For example, if the odds of winning the lottery in India are one in a million, India will have over 1,000 winners. If the odds of winning the lottery in Aruba are one in a thousand, Aruba will have about 100 winners. There are FEWER winners in Aruba, but people in Aruba have a higher chance of winning.

I hope that helps!
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Re: The violent crime rate (number of violent crimes per 1,000 residents)  [#permalink]

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New post 13 Mar 2018, 14:22
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janet1511 wrote:
The violent crime rate (number of violent crimes per 1,000 residents) in Meadowbrook is 60 percent higher now than it was four years ago. The corresponding increase for Parkdale is only 10 percent. These figures support the conclusion that residents of Meadowbrook are more likely to become victims of violent crime than are residents of Parkdale.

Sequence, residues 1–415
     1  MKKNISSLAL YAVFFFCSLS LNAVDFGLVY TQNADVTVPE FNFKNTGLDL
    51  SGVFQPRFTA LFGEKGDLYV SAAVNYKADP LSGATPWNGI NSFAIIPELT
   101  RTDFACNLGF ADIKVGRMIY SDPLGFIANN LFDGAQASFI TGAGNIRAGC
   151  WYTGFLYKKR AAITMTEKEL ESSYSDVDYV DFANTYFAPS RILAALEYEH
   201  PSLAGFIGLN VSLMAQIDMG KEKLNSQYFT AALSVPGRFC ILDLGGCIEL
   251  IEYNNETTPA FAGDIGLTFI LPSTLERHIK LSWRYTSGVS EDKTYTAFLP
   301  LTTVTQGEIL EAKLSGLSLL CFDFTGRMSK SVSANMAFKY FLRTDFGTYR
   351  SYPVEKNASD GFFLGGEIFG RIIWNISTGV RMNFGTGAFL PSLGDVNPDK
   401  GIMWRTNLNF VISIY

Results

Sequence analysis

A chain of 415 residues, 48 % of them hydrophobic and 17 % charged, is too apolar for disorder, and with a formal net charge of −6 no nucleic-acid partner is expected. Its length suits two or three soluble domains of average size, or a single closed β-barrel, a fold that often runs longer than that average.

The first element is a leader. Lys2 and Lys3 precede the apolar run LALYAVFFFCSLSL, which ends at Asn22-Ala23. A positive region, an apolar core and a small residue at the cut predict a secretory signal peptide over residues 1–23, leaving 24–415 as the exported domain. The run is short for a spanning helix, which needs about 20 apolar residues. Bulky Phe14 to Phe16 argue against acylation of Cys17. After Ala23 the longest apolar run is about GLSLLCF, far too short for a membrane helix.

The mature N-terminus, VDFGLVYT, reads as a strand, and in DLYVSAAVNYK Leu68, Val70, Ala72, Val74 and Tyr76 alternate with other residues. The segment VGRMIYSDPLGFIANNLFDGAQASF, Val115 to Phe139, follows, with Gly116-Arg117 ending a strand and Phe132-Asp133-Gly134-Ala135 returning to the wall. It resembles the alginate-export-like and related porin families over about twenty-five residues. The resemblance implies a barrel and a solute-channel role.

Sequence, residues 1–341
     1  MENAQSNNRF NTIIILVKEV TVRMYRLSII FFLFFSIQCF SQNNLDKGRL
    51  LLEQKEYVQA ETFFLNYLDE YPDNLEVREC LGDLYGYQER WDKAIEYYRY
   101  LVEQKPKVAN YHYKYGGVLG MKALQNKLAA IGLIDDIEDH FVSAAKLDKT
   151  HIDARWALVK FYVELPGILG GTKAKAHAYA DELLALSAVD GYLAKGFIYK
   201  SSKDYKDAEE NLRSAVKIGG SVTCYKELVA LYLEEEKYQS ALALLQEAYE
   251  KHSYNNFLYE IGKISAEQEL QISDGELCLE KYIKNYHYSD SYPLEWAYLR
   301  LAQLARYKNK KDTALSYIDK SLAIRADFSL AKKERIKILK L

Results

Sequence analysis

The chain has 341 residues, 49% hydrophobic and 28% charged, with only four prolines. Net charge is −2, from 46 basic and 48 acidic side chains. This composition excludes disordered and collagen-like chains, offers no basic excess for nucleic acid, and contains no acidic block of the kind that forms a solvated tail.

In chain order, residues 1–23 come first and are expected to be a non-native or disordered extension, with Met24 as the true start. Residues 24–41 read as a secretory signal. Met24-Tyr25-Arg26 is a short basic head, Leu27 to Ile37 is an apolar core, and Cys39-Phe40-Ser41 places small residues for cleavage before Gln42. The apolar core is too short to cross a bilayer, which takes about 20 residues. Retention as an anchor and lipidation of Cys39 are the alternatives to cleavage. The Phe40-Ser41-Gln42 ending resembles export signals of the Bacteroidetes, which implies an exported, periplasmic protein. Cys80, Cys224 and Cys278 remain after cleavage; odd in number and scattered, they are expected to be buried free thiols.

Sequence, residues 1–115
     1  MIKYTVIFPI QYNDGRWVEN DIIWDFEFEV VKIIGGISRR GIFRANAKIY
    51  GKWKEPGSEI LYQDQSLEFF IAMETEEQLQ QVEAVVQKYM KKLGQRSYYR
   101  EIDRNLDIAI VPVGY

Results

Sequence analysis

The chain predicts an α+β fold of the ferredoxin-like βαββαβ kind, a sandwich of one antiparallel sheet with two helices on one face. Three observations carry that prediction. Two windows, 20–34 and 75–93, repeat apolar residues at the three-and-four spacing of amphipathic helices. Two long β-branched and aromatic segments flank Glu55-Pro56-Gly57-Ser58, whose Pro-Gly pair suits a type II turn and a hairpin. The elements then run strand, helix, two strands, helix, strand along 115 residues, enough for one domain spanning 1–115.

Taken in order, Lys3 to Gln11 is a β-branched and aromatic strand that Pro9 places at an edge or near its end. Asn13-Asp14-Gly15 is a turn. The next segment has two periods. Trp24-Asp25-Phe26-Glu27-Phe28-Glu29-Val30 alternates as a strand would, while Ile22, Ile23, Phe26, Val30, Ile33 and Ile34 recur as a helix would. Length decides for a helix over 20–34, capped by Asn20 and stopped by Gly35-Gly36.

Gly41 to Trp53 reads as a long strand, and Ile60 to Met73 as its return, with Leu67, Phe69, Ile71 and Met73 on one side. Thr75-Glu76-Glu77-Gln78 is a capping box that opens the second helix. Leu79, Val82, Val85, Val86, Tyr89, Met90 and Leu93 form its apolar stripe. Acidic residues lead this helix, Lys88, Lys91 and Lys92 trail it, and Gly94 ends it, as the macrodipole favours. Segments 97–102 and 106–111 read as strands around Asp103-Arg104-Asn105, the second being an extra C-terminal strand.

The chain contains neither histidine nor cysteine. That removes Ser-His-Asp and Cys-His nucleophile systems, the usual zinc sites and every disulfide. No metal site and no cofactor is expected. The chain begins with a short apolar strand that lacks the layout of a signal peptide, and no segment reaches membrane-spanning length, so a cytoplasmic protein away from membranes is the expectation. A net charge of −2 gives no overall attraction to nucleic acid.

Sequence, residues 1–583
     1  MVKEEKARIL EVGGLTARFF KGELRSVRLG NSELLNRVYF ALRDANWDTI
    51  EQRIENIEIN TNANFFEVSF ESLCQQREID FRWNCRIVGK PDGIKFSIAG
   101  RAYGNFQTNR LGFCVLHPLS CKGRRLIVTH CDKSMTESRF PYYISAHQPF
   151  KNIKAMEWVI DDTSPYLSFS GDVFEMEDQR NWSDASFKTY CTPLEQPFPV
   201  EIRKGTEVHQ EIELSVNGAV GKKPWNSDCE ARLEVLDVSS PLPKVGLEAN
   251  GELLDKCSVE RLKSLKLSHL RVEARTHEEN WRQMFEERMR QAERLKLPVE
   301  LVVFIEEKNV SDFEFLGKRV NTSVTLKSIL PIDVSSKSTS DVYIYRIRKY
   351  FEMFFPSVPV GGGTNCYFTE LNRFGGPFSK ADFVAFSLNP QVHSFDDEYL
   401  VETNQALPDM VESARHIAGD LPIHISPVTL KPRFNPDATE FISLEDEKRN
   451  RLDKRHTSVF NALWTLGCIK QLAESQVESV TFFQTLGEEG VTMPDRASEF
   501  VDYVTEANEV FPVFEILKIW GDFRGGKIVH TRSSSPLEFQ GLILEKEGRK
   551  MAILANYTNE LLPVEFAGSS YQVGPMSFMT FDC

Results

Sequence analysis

The argument above is flawed because it fails to take into account

(A) changes in the population density of both Parkdale and Meadowbrook over the past four years

(B) how the rate of population growth in Meadowbrook over the past four years compares to the corresponding rate for Parkdale

(C) the ratio of violent to nonviolent crimes committed during the past four years in Meadowbrook and Parkdale

(D) the violent crime rates in Meadowbrook and Parkdale four years ago

(E) how Meadowbrook’s expenditures for crime prevention over the past four years compare to Parkdale’s expenditures


The information in the passage AND the conclusion should sound somewhat "fishy"
All we're told is that Meadowbrook's and Parkdale's crime rate have increased 60% and 10% respectively in the past 4 years. HOWEVER, we know nothing about the crime rate statistics from 4 years ago.

Consider this possible scenario.
4 years ago: Meadowbrook's crime rate was 10 violent crimes per 1,000 residents
4 years ago: Parkdale's crime rate was 900 violent crimes per 1,000 residents